Now the first thing to commend Spotlight on is its treatment of the difficult subject matter. Rather than just over-embellish the story and become histrionic, it presents the events uncovered by the eponymous team with a documentary like precision. Tom McCarthy succeeds in making the film as authentic as possible and not making the horrifying findings that the team unearthed in any way sensationalized. There is a degree of respect that he keeps with Spotlight that does the subject matter justice and reveals the whole extent of the cover ups and abuse that happened throughout the decades. McCarthy wisely doesn’t use any stylistic flourishes as this is a story were the facts take precedence over that and to have overdone visuals would be wholly out-of-place and just wrong. Instead, Spotlight presents things in a gripping and powerful way that illuminates the fight for justice and the desire to bring forth the truth so it is never forgotten. The main characters in the film aren’t presented as fame-hungry opportunists trying to climb the ladder, but genuine, soulful people who cared about the story, telling it right and bringing it out in the open to expose the horror within the trusted organisation of the Church. It’s quite refreshing, due to the setting of the movie, to not see a lot of technology. Too often in movies now, there is a huge overuse of technology that often mars movies. There is the odd computer in Spotlight(yet it is not on par with today’s ones and neither should it be), but the focus is all on the note-taking, digging and legwork that went into the investigation and the impact it has it presenting the facts is deeply felt. A score that quietly builds and doesn’t overly intrude is well used throughout Spotlight as the investigation gains momentum and it is reflected in the gathering pace of the music.
The cast of Spotlight is an excellently assembled ensemble who burrow into their parts and create performances of naturalism and authenticity. Michael Keaton excels in his portrayal of the head of Spotlight Robby. He brings out a steel and drive to this man with little subtle things he does. Yet we can also sense an inner struggle that you can’t quite put your finger on that is effectively shown by Keaton. Mark Ruffalo brought a whole lot of emotion to the role of Michael with his determination growing as the horror of events opens up and his heart on his sleeve personality. His cry about how shocked he is about what the scale of abuse and the cover ups is a genuinely moving bit of acting that really makes an impact. I can see why he is up for a Best Supporting Actor award because his performance is really phenomenal. The same goes for Rachel McAdams, who is also up for an Oscar for her work as the compassionate Sacha. Her performance is one of nuance and sympathy as she talks to the victims and with her humility and warmth, helps them open up about their traumatic experiences. Liev Schreiber is authoritative and deeply intelligent as the new editor Marty, who is the person who puts the Spotlight team onto the story as he believes it needs to be told. John Slattery as the managing editor and Brian d’Arcy James as one of the group are equally as impressive as the rest of the cast. Stanley Tucci is marvellous as the lawyer who is representing many of the abuse victims and who prefers to work alone. Tucci just exudes the dogged desire to do right by these people and eventually he works with the eponymous team to help with the story.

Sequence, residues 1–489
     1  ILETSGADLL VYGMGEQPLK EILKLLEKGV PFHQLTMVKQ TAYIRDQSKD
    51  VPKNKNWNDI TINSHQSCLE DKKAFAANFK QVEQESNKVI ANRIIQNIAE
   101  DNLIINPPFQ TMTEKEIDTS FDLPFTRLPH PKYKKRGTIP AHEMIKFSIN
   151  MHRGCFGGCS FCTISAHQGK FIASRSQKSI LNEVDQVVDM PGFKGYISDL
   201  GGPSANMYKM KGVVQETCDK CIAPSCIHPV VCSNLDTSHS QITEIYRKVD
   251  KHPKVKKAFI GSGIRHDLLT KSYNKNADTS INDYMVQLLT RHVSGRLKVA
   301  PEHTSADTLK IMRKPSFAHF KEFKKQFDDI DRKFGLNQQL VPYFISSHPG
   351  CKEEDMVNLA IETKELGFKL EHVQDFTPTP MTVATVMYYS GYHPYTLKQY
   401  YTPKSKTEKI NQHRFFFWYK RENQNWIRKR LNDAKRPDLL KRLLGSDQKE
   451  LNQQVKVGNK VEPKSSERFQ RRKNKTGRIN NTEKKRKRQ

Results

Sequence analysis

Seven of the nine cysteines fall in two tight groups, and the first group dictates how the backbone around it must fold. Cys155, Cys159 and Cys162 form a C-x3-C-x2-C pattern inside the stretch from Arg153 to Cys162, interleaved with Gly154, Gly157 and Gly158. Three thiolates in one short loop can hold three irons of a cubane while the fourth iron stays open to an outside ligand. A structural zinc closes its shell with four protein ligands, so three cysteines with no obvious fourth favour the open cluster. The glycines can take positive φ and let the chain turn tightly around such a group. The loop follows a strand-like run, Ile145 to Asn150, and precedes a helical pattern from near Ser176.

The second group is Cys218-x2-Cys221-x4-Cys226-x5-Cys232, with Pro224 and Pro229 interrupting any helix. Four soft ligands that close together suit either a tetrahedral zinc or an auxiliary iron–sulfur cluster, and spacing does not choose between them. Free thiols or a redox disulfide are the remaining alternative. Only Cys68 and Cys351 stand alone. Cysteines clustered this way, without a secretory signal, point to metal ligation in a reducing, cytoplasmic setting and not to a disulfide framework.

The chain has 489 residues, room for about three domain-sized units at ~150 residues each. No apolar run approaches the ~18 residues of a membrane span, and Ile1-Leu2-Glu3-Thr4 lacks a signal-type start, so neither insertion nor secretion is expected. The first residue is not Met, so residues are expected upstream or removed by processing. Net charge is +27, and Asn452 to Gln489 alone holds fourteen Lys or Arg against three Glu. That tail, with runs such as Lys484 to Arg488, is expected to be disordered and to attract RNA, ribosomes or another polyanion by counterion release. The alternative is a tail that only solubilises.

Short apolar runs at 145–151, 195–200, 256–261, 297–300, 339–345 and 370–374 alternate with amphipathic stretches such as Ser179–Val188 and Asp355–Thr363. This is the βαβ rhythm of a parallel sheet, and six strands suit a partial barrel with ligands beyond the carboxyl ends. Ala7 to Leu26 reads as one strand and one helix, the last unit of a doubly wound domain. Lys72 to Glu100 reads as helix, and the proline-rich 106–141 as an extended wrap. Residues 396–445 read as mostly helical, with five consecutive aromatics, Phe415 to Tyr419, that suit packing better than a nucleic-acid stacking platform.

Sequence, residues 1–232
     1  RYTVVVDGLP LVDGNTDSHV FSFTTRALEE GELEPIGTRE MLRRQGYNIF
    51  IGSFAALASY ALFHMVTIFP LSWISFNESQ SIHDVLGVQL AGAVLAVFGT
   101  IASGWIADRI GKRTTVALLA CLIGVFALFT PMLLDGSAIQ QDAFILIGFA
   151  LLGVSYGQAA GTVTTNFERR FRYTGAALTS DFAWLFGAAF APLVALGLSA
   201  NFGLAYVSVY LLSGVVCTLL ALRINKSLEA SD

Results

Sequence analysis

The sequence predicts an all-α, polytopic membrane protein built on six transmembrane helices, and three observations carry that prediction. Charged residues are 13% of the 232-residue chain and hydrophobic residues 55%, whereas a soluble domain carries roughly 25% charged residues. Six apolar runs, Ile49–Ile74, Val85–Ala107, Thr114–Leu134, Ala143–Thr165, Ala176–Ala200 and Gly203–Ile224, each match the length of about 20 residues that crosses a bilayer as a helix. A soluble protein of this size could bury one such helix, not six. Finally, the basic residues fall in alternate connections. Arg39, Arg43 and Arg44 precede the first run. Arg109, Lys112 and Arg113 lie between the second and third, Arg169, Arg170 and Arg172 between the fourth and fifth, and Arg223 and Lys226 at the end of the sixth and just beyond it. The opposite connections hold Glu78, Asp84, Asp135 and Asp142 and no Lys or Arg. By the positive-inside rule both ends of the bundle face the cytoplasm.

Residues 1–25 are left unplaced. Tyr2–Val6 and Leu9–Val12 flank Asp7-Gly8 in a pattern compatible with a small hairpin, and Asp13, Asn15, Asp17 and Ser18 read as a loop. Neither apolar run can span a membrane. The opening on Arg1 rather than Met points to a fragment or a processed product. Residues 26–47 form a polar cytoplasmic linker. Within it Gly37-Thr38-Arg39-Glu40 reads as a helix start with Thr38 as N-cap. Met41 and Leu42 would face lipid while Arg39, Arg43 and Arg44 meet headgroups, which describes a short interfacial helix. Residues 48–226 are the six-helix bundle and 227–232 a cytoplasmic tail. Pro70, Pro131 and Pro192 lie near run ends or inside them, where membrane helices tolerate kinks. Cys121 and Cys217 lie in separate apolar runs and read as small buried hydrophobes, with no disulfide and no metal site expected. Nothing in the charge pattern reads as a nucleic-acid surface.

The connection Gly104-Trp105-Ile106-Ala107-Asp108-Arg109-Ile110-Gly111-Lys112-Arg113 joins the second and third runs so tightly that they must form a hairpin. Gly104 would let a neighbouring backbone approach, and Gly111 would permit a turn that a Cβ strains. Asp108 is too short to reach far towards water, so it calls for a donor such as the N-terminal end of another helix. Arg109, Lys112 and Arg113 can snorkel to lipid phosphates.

Well-paced, superbly acted and mightily powerful in the true story it tells, Spotlight is one movie that triumphs, not due to sensationalism or distortion, but by the seriousness, authenticity and commitment with which it is told.